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Iran's Foreign Minister Calls For Flexibility From West During Nuclear Talks

A nuclear deal between Iran and major world powers may be close to being finalized -- or not.

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Iran's foreign minister has indicated talks over his country's nuclear program with the U.S. are stalling, despite officials saying both sides are close to reaching an agreement that would form the basis of a long-term deal to end a 12-year standoff over Tehran's nuclear ambitions.

Western and Iranian officials told Reuters the framework of the deal is still being worked on, as well as some of its key details.

"The sides are very, very close to the final step and it could be signed or agreed and announced verbally," a senior Iranian official familiar with the talks told Reuters on condition of anonymity.

However, Iranian negotiator Javad Zarif later tweeted on Saturday that Tehran was waiting for the U.S. to show flexibility in the talks.

In negotiations, both sides must show flexibility.We have, and are ready to make a good deal for all.We await our counterparts' readiness.

Zarif and U.S. Secretary of State John Kerry have been holding intense discussions in the Swiss town of Lausanne for several days. Foreign Ministers from Britain, France, Germany, Russia, and China will arrive this weekend.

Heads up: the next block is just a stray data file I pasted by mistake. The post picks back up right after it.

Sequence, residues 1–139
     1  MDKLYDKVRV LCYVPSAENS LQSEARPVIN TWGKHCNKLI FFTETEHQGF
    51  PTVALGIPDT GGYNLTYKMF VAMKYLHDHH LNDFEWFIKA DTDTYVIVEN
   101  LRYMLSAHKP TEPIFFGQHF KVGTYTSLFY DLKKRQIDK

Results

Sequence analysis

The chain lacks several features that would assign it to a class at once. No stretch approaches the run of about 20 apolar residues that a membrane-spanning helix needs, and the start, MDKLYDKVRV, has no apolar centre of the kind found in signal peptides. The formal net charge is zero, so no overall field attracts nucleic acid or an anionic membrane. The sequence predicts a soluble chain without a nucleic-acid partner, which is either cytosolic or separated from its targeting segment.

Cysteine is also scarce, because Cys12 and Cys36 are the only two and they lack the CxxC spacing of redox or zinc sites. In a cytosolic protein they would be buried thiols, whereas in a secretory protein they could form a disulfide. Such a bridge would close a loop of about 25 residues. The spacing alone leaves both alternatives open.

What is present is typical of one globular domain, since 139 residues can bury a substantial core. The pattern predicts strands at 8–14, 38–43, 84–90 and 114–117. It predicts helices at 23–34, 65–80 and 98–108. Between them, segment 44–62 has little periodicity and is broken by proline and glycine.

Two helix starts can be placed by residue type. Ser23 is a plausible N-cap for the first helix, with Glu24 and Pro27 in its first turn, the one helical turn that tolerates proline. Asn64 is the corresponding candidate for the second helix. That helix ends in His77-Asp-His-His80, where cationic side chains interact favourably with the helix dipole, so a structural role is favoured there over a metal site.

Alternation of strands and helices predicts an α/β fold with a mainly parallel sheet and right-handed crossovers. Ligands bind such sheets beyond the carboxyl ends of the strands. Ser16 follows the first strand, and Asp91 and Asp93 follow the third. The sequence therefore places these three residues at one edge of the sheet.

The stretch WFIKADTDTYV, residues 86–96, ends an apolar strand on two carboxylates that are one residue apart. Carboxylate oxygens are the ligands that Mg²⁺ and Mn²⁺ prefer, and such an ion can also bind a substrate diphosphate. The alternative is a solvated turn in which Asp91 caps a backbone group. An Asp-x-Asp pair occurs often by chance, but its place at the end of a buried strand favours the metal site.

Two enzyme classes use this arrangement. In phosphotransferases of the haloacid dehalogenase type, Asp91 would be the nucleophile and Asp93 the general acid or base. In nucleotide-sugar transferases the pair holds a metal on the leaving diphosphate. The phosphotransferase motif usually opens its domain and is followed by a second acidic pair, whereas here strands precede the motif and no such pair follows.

If agreed, this deal would halt Iran's nuclear program for the next 10 years in exchange for a lifting of Western sanctions, which have crippled the country's economy. Once the 10 years expire, Iran's nuclear activities would be subject to U.N. monitoring.

The document addresses issues such as the maximum number and types of uranium enrichment centrifuges Iran could operate, the size of uranium stockpiles it could maintain, and types of atomic research and development it could undertake.

But even if the two sides agree to the basics of the overall deal, there are still doubts the finer details can be worked out by the June 30 deadline.

One of the sticking points is Iran's desire to conduct advanced centrifuge research at the underground Fordow site, but Western powers are not in favor of the the idea of Tehran operating centrifuges there.

Washington is allegedly willing to let Iran keep some 6,000 early-generation centrifuges, down from nearly 10,000 now in operation.

It is still unclear whether the document will be agreed verbally or in writing. Iranian officials are believed to be hesitant to sign anything which would limit their negotiating space while the technical details are worked out in the coming months.

If a deal is reached the U.S., United Nations, and European Union are expected to gradually lift sanctions on Tehran, but officials said some of them could be lifted immediately.

On the U.S. side, President Obama has faced heavy criticism from Republicans, who have threatened to kill any eventual nuclear deal once the President leaves office. On March 9, 47 U.S. senators signed a letter addressed to the Iranian government, warning Tehran any deal reached between an Obama White House and Iranian officials could be voided when Obama leaves the Oval Office.

Since its nuclear programme became public knowledge in 2002, Iran has maintained that its nuclear ambitions are for peaceful purposes and that it has no desire to build a nuclear bomb.

- / Getty Images

Iranian Parliament Speaker Gholam Ali Haddad-Adel visits the Bushehr nuclear power plant in the Iranian Persian Gulf port of Bushehr, 27 June 2006.

Felipe Araujo is the overnight homepage editor for BuzzFeed News and is based in London.

Contact Felipe Araujo at .

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